AC/DC: Alternative Current vs Direct Current

Tesla and Edison

Everybody knows the light bulb‘s father was Thomas Edison. We read about him all the time and he is often remembered as the greatest inventor in American history. The truth is light bulbs had already been invented; what he did was buy the patent and refine the product. The incandescent light bulb would be groundbreaking, but only if Edison or someone else could succeed in getting power to America’s homes.

The least favorite of Tesla’s “impractical” proposals was the notion of using AC technology to deliver energy. Born in the Austrian Empire in 1856 (now known as Croatia), Nikola Tesla inherited his love for electricity and invented from his mother, who would make small appliances in her spare time as he grew up. Nikola went to school and studied architecture and physics, while his father wanted him to follow in his footsteps and become an orthodox priest. He invented an idea for an induction motor and a means of using alternating currents, but since there was nobody in Europe interested in his inventions, he moved to America, where the power boom was taking place.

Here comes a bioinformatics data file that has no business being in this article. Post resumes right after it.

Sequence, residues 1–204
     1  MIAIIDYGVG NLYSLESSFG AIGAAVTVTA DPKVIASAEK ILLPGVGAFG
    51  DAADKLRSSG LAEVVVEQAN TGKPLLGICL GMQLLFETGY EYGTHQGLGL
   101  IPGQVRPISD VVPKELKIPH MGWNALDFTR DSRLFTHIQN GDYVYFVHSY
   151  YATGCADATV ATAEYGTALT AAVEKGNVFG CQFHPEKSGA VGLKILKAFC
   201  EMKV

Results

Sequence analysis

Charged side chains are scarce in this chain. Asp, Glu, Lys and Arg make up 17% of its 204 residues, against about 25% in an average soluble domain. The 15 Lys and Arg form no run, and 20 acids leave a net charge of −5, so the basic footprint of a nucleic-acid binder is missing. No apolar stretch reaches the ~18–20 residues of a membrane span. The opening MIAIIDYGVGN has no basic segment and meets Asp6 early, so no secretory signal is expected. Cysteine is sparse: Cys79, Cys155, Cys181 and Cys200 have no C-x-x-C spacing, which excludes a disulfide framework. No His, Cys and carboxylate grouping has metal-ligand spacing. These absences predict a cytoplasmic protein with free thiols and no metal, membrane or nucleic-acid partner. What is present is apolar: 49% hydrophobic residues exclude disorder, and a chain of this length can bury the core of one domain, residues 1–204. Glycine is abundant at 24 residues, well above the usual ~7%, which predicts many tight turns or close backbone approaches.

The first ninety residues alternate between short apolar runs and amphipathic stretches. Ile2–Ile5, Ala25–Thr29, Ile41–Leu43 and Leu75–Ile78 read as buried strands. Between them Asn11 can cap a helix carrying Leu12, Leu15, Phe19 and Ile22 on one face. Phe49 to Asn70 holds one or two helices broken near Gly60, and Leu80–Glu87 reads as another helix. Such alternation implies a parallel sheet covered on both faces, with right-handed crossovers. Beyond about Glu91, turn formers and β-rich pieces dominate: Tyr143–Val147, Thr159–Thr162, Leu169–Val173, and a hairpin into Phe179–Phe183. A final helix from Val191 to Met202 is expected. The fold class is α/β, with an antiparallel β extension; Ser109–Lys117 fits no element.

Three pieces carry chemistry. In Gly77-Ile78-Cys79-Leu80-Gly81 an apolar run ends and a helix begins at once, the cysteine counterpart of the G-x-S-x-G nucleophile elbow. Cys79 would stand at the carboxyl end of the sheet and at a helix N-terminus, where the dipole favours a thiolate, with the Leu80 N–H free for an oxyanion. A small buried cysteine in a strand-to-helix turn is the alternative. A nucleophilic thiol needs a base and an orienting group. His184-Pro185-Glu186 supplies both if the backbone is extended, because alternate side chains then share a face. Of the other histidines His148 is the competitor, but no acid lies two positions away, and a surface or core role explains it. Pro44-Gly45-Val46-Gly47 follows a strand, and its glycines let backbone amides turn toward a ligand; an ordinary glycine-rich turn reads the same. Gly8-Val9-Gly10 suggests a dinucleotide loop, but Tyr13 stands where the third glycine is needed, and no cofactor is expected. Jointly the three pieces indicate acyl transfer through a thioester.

Edison insisted that his own direct current (DC) system was better, maintaining a lower voltage from power station to user, making it healthier. Yet AC technology, which enables energy flow to change direction regularly, is more realistic to transfer vast quantities of energy, as a large city or industry center, say, needs. At the time, DC technology only permitted a one-mile radius power grid from the source.

Tesla insisted he could improve Edison’s prototypical dynamos’ output, and finally wore down Edison sufficiently to let him try. Edison, Tesla later said, offered $50,000 if he succeeded. Tesla worked for several months around the clock but when he finished and requested his payout, Edison reneged, claiming, “If you’re a full-fledged American, you’ll understand an American joke.” Instead, Edison offered a $10/week increase. Tesla quit and spent the next few months taking up minimum wage jobs.

Tesla eventually raised enough money to found the Tesla Electric Light Company, where he established many successful inventions including AC generators, cables, transformers, lights and an AC motor with 100 horsepower. Tesla ended up selling most of his patents to George Westinghouse, an inventor, entrepreneur, and engineer who had been feuding with Edison for years. In fact. Their relationship, one can imagine, made AC ‘s eventual popularization even bitterer for Edison.

Leave a Reply

Your email address will not be published. Required fields are marked *